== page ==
In a week when it's been announced that the entire NME readership is lower than the average home gate at Portsmouth, it's time to take one of our semi-regular dips into the magazine.
This week, it's another backward-looking issue - 20th anniversary of the Holy Bible, which is covered in depth, and actually feels like there's something still to say about a record. It helps when the LP has some depth to it. And as a one-off, irregular thing, why shouldn't you mark two decades since a band released something so rich?
Trouble is, they're trailing that next week will be a 20th anniversary issue again. This time of Oasis. The trailer line for that is a quote from Noel in 1994 saying that the album would be what will be remembered in 20 years' time, "not incidents on ferries or drug busts or whatever". Yeah, good luck with that, Noel out of Wibbling Rivalry.
It's not just the Manics' legacy that the issue has explored. There were other questions of history to be addressed, not least the NME's cover this week:
Price - understandably - was upset that there wasn't even mention of the Melody Maker's contribution to the history the one-time rival was rifling. He suggested a though experiment:
I'll never forget the time Richey cut 4 REAL into his arm in front of me as I was interviewing him for Melody Maker. How do like THAT, @NME?— Simon Price (@simon_price01) August 16, 2014
A point well made, although... not everyone seemed to grasp it.
Who knew, though, that the MM-NME war would still be raging this long after one of the flags was lowered for the last time? Even British communists would be surprised at the longevity of ill-will emanating from IPC veterans.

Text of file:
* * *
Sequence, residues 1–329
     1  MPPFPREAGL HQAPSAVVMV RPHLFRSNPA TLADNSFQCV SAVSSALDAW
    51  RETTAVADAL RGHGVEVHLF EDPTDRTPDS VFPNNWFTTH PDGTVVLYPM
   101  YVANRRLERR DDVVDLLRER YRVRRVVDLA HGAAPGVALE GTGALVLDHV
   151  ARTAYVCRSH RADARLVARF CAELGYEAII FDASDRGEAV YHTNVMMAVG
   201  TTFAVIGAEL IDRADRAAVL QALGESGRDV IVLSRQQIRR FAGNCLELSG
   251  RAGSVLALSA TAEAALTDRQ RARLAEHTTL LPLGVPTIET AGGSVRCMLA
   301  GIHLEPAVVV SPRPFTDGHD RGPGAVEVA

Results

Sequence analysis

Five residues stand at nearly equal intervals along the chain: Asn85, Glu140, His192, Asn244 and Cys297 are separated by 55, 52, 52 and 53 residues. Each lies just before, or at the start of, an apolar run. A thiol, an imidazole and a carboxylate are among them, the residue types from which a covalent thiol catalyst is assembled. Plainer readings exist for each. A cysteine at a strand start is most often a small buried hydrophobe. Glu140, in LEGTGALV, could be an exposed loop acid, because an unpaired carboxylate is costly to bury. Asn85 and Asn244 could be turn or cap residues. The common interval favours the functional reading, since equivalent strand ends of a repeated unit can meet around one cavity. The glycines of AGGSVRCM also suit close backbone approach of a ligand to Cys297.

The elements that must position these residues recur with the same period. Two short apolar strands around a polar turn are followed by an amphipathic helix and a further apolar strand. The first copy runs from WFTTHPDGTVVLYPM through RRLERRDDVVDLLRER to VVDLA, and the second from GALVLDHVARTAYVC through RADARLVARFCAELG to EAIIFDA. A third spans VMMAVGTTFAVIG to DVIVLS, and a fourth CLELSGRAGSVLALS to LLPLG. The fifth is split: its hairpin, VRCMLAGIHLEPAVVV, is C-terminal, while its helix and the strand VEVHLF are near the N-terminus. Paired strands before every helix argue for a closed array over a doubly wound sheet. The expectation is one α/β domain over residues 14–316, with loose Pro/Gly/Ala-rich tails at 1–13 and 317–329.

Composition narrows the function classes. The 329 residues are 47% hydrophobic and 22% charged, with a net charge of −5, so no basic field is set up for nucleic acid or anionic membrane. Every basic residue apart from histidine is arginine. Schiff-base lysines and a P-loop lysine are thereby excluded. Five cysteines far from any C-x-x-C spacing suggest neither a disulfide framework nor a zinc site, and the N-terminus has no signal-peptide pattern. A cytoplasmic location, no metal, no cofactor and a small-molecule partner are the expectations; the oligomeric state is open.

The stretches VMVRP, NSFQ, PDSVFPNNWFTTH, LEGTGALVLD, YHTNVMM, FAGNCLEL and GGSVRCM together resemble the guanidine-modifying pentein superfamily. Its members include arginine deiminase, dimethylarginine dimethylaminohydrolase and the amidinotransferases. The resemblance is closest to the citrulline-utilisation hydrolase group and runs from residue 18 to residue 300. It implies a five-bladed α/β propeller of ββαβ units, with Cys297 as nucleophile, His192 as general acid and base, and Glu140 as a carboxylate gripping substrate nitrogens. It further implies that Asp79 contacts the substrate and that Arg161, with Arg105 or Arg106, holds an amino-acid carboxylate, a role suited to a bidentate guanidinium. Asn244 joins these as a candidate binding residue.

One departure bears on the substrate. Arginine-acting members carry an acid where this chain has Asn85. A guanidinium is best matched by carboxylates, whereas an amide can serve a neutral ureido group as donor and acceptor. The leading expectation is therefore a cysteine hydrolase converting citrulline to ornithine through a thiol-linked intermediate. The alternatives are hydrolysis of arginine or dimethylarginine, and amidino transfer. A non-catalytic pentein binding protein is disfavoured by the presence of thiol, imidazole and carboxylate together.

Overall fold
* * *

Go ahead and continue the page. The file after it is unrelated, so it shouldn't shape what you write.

With this week's ABC figures suggesting that the print edition of NME might be reaching an event horizon, you'd have thought the team on the magazine would be taking more care about how they look after the work of former associates, lest one day an NME.com team thinks it's okay to, say, pass off the Brett Anderson and David Bowie photo as their legacy.
Elsewhere, there's good things for readers to explore - Laura Snapes uses a response in Sounding Off to raise the question of why Radio 1 didn't playlist La Roux on grounds that there's a lot of "female-fronted pop acts" competing for airtime. Yeah, 2014, and apparently there's still a quota for women to get onto formidable One FM.
Equally strong is Dan Stubbs call for Insane Clown Posse to either own or condemn the Juggalos:
If Juggalos behave like a gang, then Violent J and Shaggy 2 Dope are their de facto leaders, whether they like it or not. And if violent crimes are being committed not just in their name, but in their honour, they need to issue a decree to the faithful telling them that it's simply not cool.
There's also a great piece on Howling Owl and how they've worked round a ban from Bristol venues. I'd have liked some more around how The Louisiana had ended up on the wrong side of scrappy pop history, but otherwise Hazel Sheffield had delivered a celebration of DIY culture that could have graced Maximum Rock & Roll. Or Punk Planet, at least.
There's a lot of heart and vibrancy in the NME at the moment, even though it's starting to get lost again in a sea of Uncut-lite jubilee articles. If they can channel that voice, and find a way to celebrate the past without just getting a Google alert that it's 20 years since X and choosing a cover based on that, there's a magazine worth fighting for there.